Carcasses of two right whales have been found in Canada gulf, taking the death toll to nine. Canada’s Department of Fisheries and Oceans (DFO) revealed that these carcasses were found at Cape Ray and Cedar Cove.
Animal conservation groups and researchers are puzzled about death of so many North Atlantic right whales in recent months. In the past two months, nine carcasses of these critically endangered whales have been found in Canada’s Gulf of St. Lawrence.
The Marine Animal Response Society (MARS), a charity organization, said on Monday that the condition of recently discovered carcasses is very poor.
Kim Davies, a Dalhousie University post-doctoral fellow, has been tracking these animals for the past many years. According to him, 2017 has been the deadliest year for these animals as only 525 North Atlantic right whales are now left in the world. This season, only five right whales were born, and many of those recently found dead were of reproductive age.
Scientists believe human activity is responsible to some extent for these deaths. One of these nine whales was killed after being entangled in fishing gear, while three died from blunt force trauma.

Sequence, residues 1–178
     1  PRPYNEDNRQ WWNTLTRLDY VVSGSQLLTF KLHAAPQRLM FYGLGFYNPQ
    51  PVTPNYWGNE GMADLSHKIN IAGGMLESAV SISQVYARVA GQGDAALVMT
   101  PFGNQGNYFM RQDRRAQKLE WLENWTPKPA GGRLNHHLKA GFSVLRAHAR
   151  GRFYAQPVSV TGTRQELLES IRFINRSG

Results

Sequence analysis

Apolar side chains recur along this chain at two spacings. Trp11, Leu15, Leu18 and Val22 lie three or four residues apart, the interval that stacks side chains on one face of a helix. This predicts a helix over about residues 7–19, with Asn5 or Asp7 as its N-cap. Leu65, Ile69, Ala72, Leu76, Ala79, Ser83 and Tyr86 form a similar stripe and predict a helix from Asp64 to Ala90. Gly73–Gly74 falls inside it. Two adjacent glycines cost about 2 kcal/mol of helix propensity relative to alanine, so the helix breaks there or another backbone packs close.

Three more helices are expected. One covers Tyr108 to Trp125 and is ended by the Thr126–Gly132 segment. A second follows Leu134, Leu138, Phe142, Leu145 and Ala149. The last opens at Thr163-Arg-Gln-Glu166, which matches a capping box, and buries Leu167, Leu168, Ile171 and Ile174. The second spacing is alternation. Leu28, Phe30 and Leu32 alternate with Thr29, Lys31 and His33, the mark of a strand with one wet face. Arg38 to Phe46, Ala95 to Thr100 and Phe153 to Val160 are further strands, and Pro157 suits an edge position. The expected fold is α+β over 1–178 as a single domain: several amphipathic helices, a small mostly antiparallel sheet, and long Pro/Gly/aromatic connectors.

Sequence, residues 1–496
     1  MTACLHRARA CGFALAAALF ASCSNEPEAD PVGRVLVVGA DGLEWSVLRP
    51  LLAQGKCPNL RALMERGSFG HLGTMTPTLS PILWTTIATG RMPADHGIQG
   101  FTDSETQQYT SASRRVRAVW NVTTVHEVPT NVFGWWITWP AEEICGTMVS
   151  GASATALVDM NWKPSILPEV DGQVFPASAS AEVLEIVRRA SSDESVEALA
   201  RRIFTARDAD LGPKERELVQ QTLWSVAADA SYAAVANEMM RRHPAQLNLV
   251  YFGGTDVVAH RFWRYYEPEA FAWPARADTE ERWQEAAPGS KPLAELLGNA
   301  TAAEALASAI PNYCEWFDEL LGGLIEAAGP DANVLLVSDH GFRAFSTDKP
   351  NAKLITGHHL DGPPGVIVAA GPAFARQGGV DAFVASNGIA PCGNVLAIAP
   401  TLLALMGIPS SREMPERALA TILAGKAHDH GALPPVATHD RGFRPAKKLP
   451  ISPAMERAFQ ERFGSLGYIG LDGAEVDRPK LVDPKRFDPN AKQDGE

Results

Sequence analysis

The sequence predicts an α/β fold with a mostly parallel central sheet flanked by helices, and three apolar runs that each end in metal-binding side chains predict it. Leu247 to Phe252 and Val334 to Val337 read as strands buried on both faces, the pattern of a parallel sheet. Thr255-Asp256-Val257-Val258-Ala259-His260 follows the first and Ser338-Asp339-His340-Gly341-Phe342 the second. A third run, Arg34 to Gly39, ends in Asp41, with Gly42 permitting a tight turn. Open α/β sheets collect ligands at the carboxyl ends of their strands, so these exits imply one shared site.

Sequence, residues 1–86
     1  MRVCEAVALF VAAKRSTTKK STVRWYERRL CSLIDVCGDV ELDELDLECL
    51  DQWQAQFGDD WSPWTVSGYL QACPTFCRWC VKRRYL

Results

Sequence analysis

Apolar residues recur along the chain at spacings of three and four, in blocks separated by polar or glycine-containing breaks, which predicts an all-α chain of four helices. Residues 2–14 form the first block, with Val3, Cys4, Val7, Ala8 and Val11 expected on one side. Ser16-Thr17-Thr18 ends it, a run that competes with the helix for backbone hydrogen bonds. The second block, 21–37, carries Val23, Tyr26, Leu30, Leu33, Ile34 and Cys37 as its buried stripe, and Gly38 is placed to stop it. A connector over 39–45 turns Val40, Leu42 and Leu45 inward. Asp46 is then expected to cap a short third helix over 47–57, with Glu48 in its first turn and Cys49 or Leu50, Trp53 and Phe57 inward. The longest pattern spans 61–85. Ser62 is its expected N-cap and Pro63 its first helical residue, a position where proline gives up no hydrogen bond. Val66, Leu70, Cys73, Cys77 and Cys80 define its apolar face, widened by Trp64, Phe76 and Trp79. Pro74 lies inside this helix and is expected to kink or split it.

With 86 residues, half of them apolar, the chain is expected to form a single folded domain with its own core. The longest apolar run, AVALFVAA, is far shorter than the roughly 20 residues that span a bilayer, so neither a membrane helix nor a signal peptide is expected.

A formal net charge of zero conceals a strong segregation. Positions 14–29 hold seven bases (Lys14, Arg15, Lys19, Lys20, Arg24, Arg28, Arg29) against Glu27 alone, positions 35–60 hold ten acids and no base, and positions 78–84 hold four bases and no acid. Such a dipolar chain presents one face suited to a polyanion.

“There’s some preliminary studies that show the deaths are related to human activities,” said Sigrid Kuehnemund, lead specialist in oceans for the World Wildlife Fund.
Kim Davies revealed that a high-than-normal numbers of these whales have been spotted in the Gulf of St. Lawrence this summer, possibly because of the better availability of their zooplankton food source in this area compared to the Bay of Fundy and Gulf of Maine.
DFO confirmed that one of the three carcasses found recently was a new specimen, and researchers were able to collect samples for genetic analyses from it. DFO has completed necropsies on six of the dead whales, and results are expected to come in the coming weeks.
Tonya Wimmer, MARS director, researchers couldn’t find any one particular cause behind deaths of right whales.
“Some had signs of blunt trauma, one had chronic entanglements, we do know that there were other animals out there swimming with fishing gear on them, so it seems sadly for this population to be the standard story for them,” she said.
DFO has directed ships moving in the Gulf of St. Lawrence to reduce their speed to 10 knots or less.
Tonya Wimmer suggests that it is essential to make rules about vessel routes, speeds and gear to find a long-term solution to this problem.
“This is unprecedented. And it’s catastrophic. … For the sake of the species, it needs to stop,” she added.